There’s Power in the Video
Dan Farber writes that the impact of sites like YouTube will become an even greater influence on the political scene than old-school blogging. Did I really say old-school? Crikey, this technology stuff moves faster than a scared rabbit in heat. Maybe it’s time that I got that new digital camcorder I’ve been drooling over:
While bloggers played a role in the last presidential election, most advertising and message delivery still comes from campaigns, political parties and interest groups with enough money to bankroll a television blitz. But the YouTube revolution — which includes dozens of sites such as Google Video, Revver.com and Metacafe.com — could turn that on its head.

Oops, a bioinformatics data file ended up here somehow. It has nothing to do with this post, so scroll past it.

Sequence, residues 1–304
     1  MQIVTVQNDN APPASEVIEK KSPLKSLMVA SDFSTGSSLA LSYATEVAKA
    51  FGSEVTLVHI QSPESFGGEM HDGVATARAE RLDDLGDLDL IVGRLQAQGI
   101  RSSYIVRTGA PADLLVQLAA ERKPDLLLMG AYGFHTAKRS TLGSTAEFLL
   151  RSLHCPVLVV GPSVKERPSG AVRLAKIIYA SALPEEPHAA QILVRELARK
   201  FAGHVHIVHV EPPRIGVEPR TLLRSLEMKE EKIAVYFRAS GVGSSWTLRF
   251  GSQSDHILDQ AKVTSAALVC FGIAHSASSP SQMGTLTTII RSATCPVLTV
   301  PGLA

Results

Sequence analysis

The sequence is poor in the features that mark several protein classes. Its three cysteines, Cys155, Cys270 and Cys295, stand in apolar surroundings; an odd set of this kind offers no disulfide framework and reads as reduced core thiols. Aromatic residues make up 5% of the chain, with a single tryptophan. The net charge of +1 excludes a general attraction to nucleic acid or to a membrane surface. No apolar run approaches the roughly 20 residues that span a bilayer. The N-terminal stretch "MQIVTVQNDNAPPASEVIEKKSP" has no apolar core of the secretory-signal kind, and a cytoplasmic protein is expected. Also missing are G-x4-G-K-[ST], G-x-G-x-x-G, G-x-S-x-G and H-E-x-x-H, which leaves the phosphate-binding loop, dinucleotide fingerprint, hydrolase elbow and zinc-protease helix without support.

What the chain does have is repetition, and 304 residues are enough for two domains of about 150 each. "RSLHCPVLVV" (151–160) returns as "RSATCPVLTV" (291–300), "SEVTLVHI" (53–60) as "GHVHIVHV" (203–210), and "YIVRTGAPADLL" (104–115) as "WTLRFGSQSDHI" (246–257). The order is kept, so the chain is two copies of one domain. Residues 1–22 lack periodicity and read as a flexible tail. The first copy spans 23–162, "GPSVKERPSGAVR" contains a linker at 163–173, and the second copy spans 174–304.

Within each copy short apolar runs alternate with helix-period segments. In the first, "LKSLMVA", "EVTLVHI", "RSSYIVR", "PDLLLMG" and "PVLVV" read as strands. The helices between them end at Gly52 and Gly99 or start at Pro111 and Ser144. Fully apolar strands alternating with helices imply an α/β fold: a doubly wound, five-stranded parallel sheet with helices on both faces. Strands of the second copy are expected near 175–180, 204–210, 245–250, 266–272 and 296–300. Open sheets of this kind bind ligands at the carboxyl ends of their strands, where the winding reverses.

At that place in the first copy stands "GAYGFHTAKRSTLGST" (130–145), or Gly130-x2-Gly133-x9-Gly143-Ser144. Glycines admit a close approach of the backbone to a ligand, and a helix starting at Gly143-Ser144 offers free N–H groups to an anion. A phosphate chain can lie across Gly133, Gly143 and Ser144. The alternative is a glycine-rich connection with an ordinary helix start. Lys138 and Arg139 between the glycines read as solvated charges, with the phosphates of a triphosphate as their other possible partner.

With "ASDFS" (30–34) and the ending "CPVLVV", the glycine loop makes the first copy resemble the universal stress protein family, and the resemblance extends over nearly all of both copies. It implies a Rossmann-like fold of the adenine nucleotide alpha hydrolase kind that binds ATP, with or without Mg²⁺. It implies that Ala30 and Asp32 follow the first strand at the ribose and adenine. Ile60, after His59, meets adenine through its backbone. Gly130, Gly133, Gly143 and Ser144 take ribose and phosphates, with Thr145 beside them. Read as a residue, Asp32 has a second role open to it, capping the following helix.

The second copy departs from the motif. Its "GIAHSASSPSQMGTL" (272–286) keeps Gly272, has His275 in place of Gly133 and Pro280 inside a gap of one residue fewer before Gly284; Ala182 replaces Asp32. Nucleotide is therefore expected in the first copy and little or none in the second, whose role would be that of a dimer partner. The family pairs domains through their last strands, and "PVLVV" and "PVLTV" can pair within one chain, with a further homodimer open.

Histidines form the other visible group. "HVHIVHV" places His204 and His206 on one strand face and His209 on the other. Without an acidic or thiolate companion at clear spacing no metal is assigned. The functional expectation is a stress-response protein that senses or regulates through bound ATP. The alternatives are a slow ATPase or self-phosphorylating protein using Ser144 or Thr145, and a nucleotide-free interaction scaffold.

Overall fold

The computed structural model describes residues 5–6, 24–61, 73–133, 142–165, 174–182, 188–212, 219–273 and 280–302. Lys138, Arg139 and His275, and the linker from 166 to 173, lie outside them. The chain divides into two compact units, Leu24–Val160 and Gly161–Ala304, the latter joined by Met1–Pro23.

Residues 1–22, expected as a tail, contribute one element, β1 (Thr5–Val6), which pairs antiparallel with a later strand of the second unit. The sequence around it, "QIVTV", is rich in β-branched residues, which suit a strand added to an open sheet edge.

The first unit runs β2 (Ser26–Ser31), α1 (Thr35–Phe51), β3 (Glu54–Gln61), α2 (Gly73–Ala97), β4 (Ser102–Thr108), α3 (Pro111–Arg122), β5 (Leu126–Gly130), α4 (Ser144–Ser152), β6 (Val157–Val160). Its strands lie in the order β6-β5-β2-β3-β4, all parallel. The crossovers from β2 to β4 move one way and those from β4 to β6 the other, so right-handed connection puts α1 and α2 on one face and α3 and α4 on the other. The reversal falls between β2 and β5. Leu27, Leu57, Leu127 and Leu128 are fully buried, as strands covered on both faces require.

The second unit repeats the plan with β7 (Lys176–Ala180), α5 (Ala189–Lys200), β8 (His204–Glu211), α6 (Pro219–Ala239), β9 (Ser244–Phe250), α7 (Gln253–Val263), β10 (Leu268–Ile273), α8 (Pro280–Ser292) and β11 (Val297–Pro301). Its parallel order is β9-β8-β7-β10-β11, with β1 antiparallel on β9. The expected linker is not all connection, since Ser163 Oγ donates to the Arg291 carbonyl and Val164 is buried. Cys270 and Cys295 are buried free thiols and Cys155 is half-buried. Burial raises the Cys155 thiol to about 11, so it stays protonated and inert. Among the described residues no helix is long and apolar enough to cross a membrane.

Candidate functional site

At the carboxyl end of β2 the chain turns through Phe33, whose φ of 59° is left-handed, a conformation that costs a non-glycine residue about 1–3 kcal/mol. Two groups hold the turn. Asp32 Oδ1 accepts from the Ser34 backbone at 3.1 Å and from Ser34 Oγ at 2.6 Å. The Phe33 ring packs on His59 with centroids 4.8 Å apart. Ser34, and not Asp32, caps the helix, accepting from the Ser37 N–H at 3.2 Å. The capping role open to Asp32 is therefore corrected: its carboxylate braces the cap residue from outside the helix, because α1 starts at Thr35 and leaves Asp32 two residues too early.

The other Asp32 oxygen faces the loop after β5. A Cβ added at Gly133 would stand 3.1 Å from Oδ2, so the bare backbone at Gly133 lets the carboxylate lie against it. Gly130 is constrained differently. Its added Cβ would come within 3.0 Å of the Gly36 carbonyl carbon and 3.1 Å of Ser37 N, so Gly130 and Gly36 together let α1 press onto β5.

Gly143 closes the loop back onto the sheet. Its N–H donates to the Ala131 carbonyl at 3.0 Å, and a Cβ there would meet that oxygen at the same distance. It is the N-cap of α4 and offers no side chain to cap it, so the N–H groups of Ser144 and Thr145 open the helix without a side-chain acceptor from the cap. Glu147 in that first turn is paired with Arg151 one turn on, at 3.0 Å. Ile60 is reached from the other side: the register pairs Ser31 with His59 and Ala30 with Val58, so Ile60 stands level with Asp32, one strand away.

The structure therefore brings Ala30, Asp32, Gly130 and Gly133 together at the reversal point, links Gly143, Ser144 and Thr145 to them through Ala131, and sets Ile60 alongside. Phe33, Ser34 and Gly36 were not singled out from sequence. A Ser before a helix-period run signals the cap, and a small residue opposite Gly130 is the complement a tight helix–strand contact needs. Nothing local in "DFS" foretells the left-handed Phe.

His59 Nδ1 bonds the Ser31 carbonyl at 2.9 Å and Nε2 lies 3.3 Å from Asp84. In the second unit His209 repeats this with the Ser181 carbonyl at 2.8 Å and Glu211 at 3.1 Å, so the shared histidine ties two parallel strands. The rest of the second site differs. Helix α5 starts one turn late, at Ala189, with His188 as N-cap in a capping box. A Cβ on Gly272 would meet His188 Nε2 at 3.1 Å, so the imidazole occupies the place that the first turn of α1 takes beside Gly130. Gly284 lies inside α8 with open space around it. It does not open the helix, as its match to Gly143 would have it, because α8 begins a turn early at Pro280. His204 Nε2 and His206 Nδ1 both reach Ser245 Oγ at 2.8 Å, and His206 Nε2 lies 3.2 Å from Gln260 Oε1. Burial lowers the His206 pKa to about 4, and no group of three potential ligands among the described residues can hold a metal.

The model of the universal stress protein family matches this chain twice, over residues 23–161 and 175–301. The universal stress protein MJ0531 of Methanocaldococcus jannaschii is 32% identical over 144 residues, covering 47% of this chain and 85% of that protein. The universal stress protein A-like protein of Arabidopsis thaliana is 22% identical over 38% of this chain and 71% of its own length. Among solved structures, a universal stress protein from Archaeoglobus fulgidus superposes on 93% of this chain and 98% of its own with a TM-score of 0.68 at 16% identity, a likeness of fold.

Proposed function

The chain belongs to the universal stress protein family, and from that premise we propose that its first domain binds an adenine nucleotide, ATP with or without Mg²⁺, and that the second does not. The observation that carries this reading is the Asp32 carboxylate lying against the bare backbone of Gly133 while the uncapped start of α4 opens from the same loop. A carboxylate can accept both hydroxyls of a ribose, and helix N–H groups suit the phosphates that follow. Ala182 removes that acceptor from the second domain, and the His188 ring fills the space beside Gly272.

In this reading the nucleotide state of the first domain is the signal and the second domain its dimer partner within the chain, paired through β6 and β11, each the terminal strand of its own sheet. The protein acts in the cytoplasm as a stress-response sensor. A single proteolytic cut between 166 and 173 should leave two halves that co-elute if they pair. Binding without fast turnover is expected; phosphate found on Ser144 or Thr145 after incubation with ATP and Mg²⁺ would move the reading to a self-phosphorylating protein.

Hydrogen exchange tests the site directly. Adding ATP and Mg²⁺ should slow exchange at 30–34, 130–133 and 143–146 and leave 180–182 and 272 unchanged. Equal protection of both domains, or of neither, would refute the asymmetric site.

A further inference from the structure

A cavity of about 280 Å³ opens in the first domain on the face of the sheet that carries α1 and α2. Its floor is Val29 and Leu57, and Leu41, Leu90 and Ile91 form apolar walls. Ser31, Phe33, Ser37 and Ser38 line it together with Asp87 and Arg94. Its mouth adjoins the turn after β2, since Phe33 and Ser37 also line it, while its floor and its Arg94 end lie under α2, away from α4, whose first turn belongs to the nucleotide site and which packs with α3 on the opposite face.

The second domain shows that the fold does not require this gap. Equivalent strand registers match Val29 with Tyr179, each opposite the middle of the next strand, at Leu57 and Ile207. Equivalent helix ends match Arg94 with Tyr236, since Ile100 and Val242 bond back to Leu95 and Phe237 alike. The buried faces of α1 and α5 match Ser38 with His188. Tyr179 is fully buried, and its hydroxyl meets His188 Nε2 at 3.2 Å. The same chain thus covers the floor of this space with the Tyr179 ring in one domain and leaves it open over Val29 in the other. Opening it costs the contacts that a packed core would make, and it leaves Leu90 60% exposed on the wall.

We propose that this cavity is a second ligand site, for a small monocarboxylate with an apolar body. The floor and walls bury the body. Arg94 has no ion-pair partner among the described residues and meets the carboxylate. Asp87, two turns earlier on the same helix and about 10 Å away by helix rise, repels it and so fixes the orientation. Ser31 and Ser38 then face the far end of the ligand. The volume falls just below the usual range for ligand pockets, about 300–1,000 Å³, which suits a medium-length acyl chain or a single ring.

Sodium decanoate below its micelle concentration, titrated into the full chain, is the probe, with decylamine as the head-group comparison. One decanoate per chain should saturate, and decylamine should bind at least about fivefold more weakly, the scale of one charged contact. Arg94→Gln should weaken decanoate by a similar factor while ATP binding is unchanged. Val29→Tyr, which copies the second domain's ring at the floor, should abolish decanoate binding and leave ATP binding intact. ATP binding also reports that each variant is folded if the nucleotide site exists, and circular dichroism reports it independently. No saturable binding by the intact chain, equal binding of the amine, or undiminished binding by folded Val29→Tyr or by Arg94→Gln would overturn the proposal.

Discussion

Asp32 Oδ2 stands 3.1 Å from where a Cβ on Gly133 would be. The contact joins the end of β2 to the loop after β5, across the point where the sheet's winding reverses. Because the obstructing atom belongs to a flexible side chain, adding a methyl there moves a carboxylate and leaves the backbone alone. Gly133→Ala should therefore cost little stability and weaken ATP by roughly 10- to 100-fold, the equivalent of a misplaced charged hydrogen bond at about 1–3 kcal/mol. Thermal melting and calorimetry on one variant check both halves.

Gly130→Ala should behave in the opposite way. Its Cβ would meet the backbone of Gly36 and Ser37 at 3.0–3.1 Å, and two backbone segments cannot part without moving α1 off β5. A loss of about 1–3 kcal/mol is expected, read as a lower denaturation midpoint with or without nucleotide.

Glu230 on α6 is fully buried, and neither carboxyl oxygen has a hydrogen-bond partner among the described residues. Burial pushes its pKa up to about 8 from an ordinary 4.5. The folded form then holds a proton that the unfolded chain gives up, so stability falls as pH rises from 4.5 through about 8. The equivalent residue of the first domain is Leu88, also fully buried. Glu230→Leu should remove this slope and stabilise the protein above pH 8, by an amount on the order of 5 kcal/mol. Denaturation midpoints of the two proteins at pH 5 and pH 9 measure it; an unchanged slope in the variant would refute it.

If any teenager can put up a video for or against a candidate, and persuade other people to watch that video, the center of gravity could shift to masses of people with camcorders and passable computer skills. And if people increasingly distrust the mainstream media, they might be more receptive to messages created by ordinary folks.
“YouTube is a campaign game-changer, shifting the dynamics of how to reach voters and build intimate relationships,” says Julie Supan, senior marketing director for the small, California-based firm, which by one measure now runs the 39th most popular Web site. “YouTube levels the playing field, allowing well-backed and less-known candidates to reach the same audience and share the same stage.”